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Back in Ottawa Visiting the Senate

FALA Team with Senator Munson
February 19-22 the FALA Leadership Team was in Ottawa. We met with ten senators, Minister Qualtrough and the Accessibility Secretariat to discuss our 11 recommendations. These recommendations were developed with our 89 partners and 90 members, working towards our goal of a strong and effective Accessible Canada Act. We had the chance to be in the Senate Gallery to witness Senator Munson introduce Bill C-81 by delivering his Second Reading speech. It was a really good one. Don’t take our word for it… read it yourself. And thereafter began the Second Reading debate.

Senate Draft Recommendations Review

Bill C-81 Watch - thermometer indicating the bill is now at the Senate stage
Partners and members of the Federal Accessibility Legislation Alliance are taking part in reviewing draft recommendations for the Senate. There are 11 recommendations being put forth. We are working on a tight timeline and we are eager to hear from all who want to participate in the process. We are wrapping this process up by Feb 6 so if you want to get involved sign up today: https://www.include-me.ca/join-us

Bill C-81 Was Back in the House

An image of the House of Commons chamber
A revised Bill C-81 was presented to the House of Commons by the HUMA committee during the Report Stage. Minister Qualtrough addressed the changes made in response to recommendations from many organizations in the community, including the Federal Accessibility Legislation Alliance. Third reading debate will continue at times determined by the House of Commons before it moves on to the Senate for discussion and debate.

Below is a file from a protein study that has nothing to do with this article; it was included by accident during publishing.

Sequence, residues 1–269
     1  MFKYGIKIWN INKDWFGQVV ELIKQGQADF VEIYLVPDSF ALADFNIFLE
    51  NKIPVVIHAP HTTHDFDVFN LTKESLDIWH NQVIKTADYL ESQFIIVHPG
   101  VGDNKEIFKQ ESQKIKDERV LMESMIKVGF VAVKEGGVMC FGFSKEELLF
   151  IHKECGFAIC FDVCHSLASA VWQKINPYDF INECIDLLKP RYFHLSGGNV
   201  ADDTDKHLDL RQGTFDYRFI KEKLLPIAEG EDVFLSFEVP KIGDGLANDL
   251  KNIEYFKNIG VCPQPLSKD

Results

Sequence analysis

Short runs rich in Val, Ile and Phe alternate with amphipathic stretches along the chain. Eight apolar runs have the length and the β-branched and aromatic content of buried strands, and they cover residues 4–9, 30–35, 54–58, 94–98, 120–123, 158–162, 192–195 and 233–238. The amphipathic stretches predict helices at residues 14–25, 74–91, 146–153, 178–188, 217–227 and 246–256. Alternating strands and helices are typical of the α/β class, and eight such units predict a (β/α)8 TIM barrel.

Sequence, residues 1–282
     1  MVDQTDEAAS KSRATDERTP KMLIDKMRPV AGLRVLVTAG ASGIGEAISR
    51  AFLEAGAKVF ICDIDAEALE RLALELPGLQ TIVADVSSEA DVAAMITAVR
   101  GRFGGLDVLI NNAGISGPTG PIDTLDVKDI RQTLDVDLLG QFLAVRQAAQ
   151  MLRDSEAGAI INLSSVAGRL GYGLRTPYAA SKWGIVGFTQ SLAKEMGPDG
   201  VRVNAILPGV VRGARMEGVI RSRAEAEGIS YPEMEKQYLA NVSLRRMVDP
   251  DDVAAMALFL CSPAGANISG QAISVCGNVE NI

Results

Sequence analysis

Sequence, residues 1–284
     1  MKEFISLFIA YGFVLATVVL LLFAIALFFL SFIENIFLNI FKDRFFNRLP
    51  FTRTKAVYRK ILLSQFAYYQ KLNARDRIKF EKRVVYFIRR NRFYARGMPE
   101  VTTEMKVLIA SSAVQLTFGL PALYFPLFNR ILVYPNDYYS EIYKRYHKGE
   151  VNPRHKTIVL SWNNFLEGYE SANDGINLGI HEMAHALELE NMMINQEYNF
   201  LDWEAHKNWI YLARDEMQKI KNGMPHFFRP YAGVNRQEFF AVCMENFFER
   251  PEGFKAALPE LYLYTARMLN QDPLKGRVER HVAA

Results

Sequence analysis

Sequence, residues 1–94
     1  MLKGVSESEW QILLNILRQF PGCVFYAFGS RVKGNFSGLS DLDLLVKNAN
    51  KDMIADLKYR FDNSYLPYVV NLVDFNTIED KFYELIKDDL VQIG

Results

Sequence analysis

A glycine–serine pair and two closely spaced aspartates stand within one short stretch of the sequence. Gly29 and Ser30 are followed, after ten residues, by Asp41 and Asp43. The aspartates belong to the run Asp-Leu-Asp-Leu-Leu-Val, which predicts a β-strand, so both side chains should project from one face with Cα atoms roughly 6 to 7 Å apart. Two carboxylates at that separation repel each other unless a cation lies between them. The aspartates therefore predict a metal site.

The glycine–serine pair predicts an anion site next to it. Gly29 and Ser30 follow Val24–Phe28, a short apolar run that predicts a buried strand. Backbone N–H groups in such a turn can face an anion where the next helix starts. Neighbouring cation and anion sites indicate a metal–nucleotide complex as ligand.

The Federal Accessibility Legislation Alliance Has Been Hard at Work

FALA overview and partners' roles
On June 20th, the Honourable Minister Duncan tabled Bill C-81 – An Act to Ensure a Barrier-Free Canada in the House of Commons. It is also being called the Accessible Canada Act. The introduction of the new, draft legislation brings us closer to a Canada that we have imagined for a very, very long time. Dare we say that accessible legislation brings us “hope”? Let’s not jinx it. We've been working hard to move this legislation forward.

What would Canada be like if it was truly inclusive and accessible?

Many people with and without disabilities in a park setting.

Imagine a Canada where you are valued and respected by your community.

Imagine, you have a job that matches your skills; an education that matches your dreams, and an income that supports your independence.

Imagine a Canada where it is easy to get around. You can hop on a bus; flag down a cab; get to work on time; meet friends in the evening for dinner, and zip off on the weekend for a last-minute get away.

Chances are, if you are a person with a disability or someone who has felt excluded, these common scenarios aren't so common.